Defeat and Disaster if McCain Picks a Pro-Choice Catholic

If John McCain picks a pro-abortion running mate, he’s likely to lose. If he picks a pro-abortion Catholic as his running mate, he will definitely lose.

Right now McCain is skating on the thinnest of ice. At best, the election is tied. In many polls, he is 4-5 points down. He has yet to crack 45 percent in any national poll and is behind in key states. At worst, he is facing a blowout. Now is not the time to pussyfoot around with a guy like Tom Ridge.

The calculation is clear. McCain figures Ridge could deliver the key state of Pennsylvania. Let’s look at the record. Ridge won statewide office in 1994 with only 45 percent of the vote. Why so low? Because he faced a third party pro-life challenger named Peg Lustig who polled a whopping 12 percent of the vote. Ridge ran again in 1998 and won with the much greater margin of 57 percent, but he did so against a very weak Democratic opponent and he forfeited 10 percent to pro-life Lustig, who ran again. That Ridge, now, ten years later, could help McCain win Pennsylvania is far from certain. And then there is what McCain loses elsewhere for picking Ridge.

McCain is already suspect among social conservatives. And picking a pro-choicer will have the further effect of cooling whatever ardor he has been able to gin up among them mostly because of the fear of Obama. Social conservatives are largely not for McCain, they are against Obama. A lack of enthusiasm among McCain supporters could spell disaster for him come Election Day.

There is already a major effort underway to lure pro-lifers into the Democratic column. The Democratic platform makes nice noises about motherhood and adoption. And evangelicals are getting restless to get involved in other issues. The McCain camp should not give them yet one more reason to drift.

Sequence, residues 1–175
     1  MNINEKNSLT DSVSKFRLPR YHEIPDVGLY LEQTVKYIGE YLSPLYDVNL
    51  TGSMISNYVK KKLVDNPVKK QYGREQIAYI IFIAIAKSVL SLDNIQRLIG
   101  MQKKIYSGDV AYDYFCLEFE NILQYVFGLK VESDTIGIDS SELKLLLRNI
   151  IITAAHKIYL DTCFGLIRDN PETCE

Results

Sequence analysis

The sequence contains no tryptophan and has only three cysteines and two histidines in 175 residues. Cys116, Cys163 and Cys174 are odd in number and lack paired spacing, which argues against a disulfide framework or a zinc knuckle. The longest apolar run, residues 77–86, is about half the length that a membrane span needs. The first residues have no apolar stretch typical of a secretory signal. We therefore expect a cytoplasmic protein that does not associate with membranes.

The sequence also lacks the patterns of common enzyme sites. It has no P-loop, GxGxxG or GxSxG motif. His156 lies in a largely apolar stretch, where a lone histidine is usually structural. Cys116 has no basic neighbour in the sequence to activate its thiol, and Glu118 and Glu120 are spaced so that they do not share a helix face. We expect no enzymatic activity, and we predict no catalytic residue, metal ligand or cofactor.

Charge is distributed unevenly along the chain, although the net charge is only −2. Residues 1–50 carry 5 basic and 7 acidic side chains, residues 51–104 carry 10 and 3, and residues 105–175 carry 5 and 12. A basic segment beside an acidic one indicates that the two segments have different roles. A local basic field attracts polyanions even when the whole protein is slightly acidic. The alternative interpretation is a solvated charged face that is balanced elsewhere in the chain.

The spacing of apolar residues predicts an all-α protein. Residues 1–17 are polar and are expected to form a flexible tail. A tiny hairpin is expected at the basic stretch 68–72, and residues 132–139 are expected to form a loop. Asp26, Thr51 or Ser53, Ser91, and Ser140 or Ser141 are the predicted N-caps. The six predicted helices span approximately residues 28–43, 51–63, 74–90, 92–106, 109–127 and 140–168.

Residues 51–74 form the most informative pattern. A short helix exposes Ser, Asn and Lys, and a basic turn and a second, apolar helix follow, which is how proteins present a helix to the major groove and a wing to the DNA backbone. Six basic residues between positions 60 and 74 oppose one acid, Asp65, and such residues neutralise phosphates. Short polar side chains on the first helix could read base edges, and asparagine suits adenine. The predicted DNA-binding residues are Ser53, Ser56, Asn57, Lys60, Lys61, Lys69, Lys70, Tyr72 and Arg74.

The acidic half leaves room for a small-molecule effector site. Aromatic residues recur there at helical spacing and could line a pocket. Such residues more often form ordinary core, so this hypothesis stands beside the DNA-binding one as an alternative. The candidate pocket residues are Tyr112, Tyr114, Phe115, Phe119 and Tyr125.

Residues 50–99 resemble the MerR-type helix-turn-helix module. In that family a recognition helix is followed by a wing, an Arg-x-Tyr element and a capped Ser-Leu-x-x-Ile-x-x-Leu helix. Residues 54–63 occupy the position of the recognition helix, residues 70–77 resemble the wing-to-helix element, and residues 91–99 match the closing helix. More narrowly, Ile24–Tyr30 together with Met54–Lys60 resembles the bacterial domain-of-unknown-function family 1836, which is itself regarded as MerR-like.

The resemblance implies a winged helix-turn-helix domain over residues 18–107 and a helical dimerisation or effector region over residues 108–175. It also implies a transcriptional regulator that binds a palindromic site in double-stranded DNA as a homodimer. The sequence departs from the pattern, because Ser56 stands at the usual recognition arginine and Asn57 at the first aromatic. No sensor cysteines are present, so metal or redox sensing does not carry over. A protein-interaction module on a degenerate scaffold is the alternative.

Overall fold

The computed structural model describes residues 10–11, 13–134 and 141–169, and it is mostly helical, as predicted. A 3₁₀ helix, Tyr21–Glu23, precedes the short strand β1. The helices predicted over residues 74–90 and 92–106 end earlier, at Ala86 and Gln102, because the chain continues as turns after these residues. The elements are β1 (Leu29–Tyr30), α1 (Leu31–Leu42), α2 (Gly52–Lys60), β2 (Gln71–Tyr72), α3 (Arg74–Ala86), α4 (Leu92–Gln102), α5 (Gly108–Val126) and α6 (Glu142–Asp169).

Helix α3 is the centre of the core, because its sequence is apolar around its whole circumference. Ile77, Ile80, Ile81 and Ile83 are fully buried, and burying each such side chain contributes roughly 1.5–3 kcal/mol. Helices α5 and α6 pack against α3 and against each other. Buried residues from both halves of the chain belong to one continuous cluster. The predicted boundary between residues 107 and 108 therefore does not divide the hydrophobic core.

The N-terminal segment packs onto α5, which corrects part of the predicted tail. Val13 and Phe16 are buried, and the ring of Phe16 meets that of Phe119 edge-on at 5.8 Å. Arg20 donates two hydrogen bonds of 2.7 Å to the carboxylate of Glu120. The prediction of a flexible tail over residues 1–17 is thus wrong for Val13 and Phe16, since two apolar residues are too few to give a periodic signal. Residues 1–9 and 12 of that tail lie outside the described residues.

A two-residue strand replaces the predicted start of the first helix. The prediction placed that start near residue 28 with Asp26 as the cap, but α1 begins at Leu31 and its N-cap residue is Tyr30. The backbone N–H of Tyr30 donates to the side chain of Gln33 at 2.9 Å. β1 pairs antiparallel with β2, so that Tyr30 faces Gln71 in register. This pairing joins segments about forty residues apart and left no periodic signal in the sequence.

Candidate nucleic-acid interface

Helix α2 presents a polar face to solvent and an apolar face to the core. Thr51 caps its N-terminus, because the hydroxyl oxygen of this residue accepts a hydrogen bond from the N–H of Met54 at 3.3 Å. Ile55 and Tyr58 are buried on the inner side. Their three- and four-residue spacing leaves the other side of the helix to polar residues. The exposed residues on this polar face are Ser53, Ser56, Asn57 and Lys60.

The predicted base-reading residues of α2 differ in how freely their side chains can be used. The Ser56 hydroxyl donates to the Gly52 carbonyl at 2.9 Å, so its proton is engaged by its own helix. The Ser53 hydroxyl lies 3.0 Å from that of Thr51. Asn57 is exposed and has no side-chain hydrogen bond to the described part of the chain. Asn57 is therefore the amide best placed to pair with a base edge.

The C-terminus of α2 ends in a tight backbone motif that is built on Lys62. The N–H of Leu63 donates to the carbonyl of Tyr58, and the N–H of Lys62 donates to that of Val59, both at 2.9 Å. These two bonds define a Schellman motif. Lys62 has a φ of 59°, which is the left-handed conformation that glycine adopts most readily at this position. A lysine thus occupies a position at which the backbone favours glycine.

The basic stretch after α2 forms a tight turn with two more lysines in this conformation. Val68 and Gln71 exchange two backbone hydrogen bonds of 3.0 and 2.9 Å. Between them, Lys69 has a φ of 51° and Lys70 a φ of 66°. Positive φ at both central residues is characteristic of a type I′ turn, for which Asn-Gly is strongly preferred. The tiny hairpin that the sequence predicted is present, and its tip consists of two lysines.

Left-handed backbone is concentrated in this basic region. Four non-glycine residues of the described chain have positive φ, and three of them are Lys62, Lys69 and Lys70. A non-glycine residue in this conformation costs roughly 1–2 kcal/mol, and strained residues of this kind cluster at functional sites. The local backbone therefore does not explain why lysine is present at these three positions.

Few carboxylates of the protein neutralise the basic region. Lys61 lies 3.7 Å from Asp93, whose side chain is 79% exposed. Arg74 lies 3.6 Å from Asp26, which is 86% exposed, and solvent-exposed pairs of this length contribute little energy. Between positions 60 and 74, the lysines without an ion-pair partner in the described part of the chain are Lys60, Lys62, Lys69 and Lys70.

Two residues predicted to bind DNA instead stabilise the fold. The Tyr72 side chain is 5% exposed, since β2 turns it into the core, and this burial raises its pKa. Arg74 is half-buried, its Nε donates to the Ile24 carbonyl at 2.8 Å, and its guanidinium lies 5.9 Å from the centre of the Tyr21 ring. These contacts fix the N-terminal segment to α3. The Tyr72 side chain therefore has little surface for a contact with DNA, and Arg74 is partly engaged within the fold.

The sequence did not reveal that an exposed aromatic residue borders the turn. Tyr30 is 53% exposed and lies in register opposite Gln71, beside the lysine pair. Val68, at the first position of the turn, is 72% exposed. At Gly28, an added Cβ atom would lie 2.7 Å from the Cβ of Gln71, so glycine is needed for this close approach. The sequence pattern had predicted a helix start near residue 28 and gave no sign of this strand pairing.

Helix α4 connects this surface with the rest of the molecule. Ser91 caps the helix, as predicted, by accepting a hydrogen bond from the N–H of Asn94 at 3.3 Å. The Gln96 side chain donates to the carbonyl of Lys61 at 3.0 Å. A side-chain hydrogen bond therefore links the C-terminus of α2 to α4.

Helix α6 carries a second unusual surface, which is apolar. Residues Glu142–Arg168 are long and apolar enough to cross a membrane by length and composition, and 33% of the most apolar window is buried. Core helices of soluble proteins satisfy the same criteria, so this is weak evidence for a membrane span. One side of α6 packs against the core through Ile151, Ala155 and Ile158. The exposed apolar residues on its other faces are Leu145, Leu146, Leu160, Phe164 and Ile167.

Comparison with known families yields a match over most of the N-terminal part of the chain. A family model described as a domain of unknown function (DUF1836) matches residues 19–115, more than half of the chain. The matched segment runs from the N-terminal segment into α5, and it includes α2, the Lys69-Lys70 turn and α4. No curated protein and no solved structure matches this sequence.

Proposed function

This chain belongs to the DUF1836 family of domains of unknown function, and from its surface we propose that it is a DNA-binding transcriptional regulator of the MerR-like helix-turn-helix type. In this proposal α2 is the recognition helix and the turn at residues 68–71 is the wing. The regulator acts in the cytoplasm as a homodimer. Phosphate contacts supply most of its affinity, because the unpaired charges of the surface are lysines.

And then there is the Catholic thing. At the moment, McCain can expect at least tepid support among faithful Catholics, those who go to Mass at least once a week and who support the teachings of the Church on core issues like abortion. He needs this group to win the election. He is putting them in an untenable position if he decides to pick Ridge – or any pro-choicer, but especially a pro-choice Catholic. Tom Ridge is a public dissenter from one of the core teachings of the Catholic Church, that innocent human life must always be protected and may never be deliberately taken. McCain is asking faithful Catholics to pull the lever for someone whose position on abortion makes them sick to their stomachs.

A prediction: if McCain goes ahead with Ridge, it will lead to a public spectacle. Wasn’t McCain paying attention four years ago when another publicly dissenting Catholic ran for president? John Kerry lost the generic Catholic vote, that is, any person who claims to be a Catholic, whether he or she has not been to Mass in thirty years or even marginally agrees with the teachings of the Church. This is an easy get for the Democrats, yet Kerry lost them. With the exception of his home state of Massachusetts, he even lost them in the states he won. Kerry and Communion became a staple of the public debate. For the first time ever, the Eucharist was front and center in a national political campaign. There is no doubt this would happen again, perhaps this time with even greater controversy.

McCain would face the dead certainty that his vice-presidential running mate could not speak in front of official Catholic audiences or at Catholic institutions because this is forbidden by the U.S. Conference of Catholic Bishops. In 1998, Ridge was told by his hometown bishop, Donald Trautman of the Diocese of Erie, that he could not speak on church property. In this year’s presidential race, Ridge would be told by bishops around the country not to present himself for Communion. This would become a recurrent nightmare for the McCain campaign week after week after week. Is that a winning message for McCain?

Finally, McCain is asking Republicans to accept a man who, if he wins, would likely be the presumptive presidential nominee sometime in the future. This would effectively turn the Republicans away from being the pro-life party and would spell electoral disaster for Republicans for years to come. Pro-lifers certainly would have a very hard time voting for a pro-choicer at the top of the national ticket. Look at what happened to Rudy Giuliani in the primaries. And they certainly would never support a publicly dissenting Catholic. The way of Ridge is the way of both defeat and disaster.


Austin Ruse is the President of the New York and Washington, D.C.-based Center for Family & Human Rights (C-Fam), a research institute that focuses exclusively on international social policy. The opinions expressed here are Mr. Ruse’s alone and do not necessarily reflect the policies or positions of C-Fam.